China should be on “high alert” as the US, Japan and South Korea move closer militarily, the official PLA newspaper has warned, saying it would undermine security in the region.
It comes as the United States has been conducting more frequent drills with its two Asian partners and amid a push for more intelligence sharing between them, while Seoul and Tokyo seek to mend ties.
The PLA Daily article, written by two researchers from the People’s Liberation Army Academy of Military Sciences, said the alliance being forged by the three countries would lead to more confrontation and tensions in the region and that it would have a serious impact on security.
It pointed to recent military cooperation between the nations including drills, information sharing and joint weapons programmes, and their military expansion plans.
China’s military mouthpiece does not often call for the PLA to be on “high alert”, though it previously did so in response to the US intensifying military exercises with other countries in the region.
The latest warning came after the US, South Korea and Japan held anti-submarine drills in April, followed by joint naval missile defence exercises aimed at threats from North Korea.
The PLA researchers said the countries aimed to set up a trilateral intelligence sharing network similar to the Five Eyes – comprising Australia, Britain, Canada, New Zealand and the United States.
They said that with impetus from Washington, Seoul and Tokyo were trying to cooperate more and overcome obstacles in their relationship.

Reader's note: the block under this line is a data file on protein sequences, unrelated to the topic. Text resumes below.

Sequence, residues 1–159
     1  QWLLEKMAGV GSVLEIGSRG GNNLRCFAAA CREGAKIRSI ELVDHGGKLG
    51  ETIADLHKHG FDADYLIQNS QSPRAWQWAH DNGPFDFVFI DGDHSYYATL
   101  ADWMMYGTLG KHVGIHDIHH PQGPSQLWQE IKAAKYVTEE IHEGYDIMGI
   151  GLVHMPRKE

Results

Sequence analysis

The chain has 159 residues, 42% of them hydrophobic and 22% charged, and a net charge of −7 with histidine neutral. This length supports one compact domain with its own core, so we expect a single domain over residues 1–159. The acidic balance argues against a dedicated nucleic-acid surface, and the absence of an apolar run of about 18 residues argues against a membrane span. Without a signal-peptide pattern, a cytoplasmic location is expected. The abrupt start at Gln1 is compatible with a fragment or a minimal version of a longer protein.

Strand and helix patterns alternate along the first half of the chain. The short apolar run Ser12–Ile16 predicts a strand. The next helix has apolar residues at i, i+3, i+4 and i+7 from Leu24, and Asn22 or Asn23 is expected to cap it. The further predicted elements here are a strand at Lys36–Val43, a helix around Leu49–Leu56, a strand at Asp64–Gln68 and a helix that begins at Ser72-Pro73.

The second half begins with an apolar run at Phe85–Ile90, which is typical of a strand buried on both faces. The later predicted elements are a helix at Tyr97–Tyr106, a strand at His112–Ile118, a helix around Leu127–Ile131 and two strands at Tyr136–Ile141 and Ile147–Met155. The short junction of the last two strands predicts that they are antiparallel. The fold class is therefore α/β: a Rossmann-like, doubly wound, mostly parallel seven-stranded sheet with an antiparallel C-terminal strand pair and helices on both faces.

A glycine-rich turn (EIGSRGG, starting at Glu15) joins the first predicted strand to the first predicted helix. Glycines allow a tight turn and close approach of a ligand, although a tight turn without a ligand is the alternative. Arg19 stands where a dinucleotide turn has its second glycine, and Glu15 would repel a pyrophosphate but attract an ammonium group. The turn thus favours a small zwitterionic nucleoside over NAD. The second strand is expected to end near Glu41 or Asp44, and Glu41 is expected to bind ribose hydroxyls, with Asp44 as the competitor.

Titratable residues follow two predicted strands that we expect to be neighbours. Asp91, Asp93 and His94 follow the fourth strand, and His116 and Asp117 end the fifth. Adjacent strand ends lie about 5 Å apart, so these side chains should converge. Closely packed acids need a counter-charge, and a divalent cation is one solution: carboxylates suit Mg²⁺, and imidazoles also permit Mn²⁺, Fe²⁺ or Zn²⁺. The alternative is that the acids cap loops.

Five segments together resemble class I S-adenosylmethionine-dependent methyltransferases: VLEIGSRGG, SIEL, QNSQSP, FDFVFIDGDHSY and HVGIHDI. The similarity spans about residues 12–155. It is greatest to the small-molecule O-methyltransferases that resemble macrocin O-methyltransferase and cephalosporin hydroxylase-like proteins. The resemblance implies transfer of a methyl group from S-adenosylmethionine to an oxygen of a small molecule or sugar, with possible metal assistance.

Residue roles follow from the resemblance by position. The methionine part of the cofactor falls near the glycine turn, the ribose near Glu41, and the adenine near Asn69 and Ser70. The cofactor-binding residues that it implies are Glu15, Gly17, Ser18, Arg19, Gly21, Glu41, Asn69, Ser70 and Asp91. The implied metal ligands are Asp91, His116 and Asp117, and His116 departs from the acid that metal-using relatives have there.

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Seoul and Tokyo have vowed to deepen ties and ease tensions over their wartime history and other issues in recent years.
“If the United States, Japan and South Korea form an integrated alliance, it is likely to create bloc confrontation in Northeast Asia,” the PLA researchers wrote.
They said stronger military cooperation between the countries would also lead to an intensified arms race in the region.
South Korea will boost military spending by US$261 billion over the five years to 2027, an annual rise of about 6.8 per cent, according to a defence plan released in December. Japan, meanwhile, aims to double its defence spending to 2 per cent of GDP by 2027.
Japan also plans to upgrade its eight Aegis destroyers by 2027 so that US Tomahawk cruise missiles can be installed, a move the PLA researchers said reflected the “offensive nature” of the Japanese military strategy.
The article said the US could seek to establish an “Asia-Pacific version of Nato” in the future, based on its alliance with Japan and South Korea.
The PLA researchers also described as “dangerous” recent moves on nuclear cooperation, after Washington and Seoul secured a landmark deal enabling the United States to deploy nuclear-armed submarines to South Korea during Yoon’s visit to the US last month.
They said signals from Japan that it could host US nuclear weapons or even develop its own would “undoubtedly increase the risk of regional instability”.